In the first post in this series, I outlined Viktor Shklovsky’s fundamental concepts of device (priem) and defamiliarization (ostranenie) as presented in the first chapter of Theory of Prose, “Art as Device.” This time around, I’d like to look at the start of Chapter 2 and try applying it to contemporary writing (specifically to the New Sincerity). As before, I’m proposing that one can actually use the principles of Russian Formalism to become a better writer and a better critic.
Kate Winslet won an Oscar for The Reader, but Richard Yates fans everywhere thought to themselves, I’m just going to pretend she won this for her portrayal of an American housewife instead of an illiterate fräulein.
So, the movie wasn’t exactly fantastic. You, and every other literature major undergrad, film critic over the age of 45 (new yorker review cough cough) were willing to forgive the movie for it’s, shall we say, defects. Obviously you could look past the “limitations of the medium” because Yates finally got the recognition he deserved! This is obviously a year of triumph for underdogs. Obama is president, Kate Winslet WINS an Oscar, Richard Yates’ magnum opus is turned into a film and nominated for three Academy Awards. Woo, hoo!
This recognition is not without its drawbacks, and clearly you wouldn’t be a Yates fan if you didn’t get all hot and bothered by life’s bittersweet moments. In the aftermath of a booze soaked celebration you awake a little less certain about the cultural capital of your precious dog-eared copy of Revolutionary Road.
It’s not long before your shadowy unease grows to proportions of nightmarish beast. Shortly after you mom visits you for the weekend and steals your beloved 12th edition paperback, the horrific truth dawns on you; the cult classic value of your blue chip investment has plummeted, you are now culturally bankrupt.
Movies of books have a way of retro-actively hijacking the memory, or sealed conception, of a book in one’s mind. If fiction’s merit is the ability to collaborate with the imaginations of its readers, then film productions of movies ruin it.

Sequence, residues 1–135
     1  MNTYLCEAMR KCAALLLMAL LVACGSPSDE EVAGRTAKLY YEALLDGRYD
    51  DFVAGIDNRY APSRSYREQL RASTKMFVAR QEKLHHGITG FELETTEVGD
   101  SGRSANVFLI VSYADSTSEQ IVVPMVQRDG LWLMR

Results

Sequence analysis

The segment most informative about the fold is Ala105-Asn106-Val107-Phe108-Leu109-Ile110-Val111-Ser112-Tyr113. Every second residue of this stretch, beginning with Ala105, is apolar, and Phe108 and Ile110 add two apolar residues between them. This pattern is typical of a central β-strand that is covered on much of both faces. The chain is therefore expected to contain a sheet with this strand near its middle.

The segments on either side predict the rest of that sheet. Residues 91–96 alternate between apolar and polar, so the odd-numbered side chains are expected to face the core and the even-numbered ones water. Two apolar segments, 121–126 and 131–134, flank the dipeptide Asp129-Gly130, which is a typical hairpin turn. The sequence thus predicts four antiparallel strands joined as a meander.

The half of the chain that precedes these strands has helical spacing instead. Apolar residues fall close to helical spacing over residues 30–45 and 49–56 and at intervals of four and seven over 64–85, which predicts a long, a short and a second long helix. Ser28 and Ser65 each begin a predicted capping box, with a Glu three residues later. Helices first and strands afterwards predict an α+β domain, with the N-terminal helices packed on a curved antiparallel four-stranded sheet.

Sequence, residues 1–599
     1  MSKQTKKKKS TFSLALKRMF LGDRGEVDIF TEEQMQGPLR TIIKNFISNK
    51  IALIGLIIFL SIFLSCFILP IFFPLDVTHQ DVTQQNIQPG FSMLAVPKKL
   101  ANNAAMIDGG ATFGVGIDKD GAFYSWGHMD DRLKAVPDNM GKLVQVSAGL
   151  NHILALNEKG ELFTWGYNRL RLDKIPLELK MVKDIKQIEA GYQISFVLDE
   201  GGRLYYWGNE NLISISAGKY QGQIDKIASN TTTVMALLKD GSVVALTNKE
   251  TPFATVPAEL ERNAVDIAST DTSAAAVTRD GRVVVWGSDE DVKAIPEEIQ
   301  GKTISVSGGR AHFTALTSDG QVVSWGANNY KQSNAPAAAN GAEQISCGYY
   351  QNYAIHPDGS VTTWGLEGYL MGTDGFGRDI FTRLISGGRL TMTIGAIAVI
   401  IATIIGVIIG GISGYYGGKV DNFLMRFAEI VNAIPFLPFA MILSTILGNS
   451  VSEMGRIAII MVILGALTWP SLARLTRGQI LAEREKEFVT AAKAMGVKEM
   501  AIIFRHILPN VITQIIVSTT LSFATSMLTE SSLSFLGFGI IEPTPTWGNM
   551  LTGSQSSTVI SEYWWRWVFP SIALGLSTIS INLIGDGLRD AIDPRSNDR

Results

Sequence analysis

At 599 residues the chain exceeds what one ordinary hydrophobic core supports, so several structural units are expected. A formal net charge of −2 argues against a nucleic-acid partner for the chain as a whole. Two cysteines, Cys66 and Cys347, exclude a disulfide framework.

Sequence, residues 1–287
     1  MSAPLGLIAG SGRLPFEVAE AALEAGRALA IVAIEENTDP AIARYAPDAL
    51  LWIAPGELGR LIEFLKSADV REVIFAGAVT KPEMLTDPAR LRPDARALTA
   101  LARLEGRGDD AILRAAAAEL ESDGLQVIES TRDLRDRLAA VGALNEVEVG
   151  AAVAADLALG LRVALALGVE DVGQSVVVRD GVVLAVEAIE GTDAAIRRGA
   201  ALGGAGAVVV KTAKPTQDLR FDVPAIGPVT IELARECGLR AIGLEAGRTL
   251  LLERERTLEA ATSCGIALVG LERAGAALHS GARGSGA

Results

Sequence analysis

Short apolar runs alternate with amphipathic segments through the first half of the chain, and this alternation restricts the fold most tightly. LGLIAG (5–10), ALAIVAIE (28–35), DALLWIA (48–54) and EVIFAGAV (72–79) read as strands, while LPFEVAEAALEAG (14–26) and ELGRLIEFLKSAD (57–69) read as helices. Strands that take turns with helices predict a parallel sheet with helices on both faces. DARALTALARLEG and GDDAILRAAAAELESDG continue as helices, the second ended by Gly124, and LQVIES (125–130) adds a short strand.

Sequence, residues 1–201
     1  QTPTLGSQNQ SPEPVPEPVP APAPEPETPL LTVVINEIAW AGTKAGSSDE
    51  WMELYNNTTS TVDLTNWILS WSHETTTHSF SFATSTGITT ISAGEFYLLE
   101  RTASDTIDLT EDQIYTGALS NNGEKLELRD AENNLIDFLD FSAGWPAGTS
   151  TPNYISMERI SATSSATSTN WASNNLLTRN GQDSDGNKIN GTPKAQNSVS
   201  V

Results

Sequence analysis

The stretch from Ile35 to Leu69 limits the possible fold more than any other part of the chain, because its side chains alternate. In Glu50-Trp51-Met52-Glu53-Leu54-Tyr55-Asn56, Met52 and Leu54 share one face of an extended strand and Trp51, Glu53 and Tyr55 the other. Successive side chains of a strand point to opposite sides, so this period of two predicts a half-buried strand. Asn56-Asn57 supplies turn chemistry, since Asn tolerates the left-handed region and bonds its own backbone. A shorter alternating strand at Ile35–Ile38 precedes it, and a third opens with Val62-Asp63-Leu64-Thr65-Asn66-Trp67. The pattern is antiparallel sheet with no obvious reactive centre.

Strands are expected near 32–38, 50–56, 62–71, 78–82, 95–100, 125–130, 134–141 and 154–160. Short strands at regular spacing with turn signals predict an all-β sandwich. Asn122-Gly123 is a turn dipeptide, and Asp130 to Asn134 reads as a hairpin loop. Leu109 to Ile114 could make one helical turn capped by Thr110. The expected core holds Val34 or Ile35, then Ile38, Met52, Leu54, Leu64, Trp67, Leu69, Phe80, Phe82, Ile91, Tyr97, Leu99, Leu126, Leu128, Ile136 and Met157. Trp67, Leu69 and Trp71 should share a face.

Though I have not seen Revolutionary Road (forthcoming, 2009), Leonardo DiCaprio will forever replace the image I had in my head of Frank Wheeler. I had imagined him as a dour-faced bearded Richard Yates type of man, and yet I will most likely see the movie—in some sick masochistic way to brine in my own indignation. I guarantee you the movie will focus on infidelity (with bonus tit scene(s) of Wheeler’s secretary/mistress), and less (if any) on what the book seemed for me to be about, namely, Frank’s irrevocable self-loathing and self-pity.
John Krasinski (of The Office fame) has written a screenplay for Brief Interviews with Hideous Men (in post-production), the late D.F. Wallace’s exploration into crass sexually-driven male vernacular, sorta like lowbrow stream o’ consciousness via a plumber or taxi driver. Here’s the catch: instead of conveying the fragmented way each ‘entry’ was written—and its existential narrative ‘incompleteness,’ Krasinski provides us a plot arc: a female graduate student, recently broken-up with her boyfriend, interviews men in order to understand their behavior. Now, I wasn’t looking for an epiphany—but Jesus—does everything have to be about a man/woman?
In porn, there are many categories: man/woman; man/man; woman/woman; woman/horse; woman/dog; man/car exhaust pipe; cartoon character/‘furry’; etc. (for the records, I only enjoy the first category). The film industry would do good to learn from porn. Don’t worry about love, just try to make it interesting, even if it involves a gallon of horse emission.
There ought to be a White List of books that it is illegal to adapt into film, because I’m so afraid one day I’m going to see Holden Caulfield on the big screen, hanging out with his girlfriend in Central Park.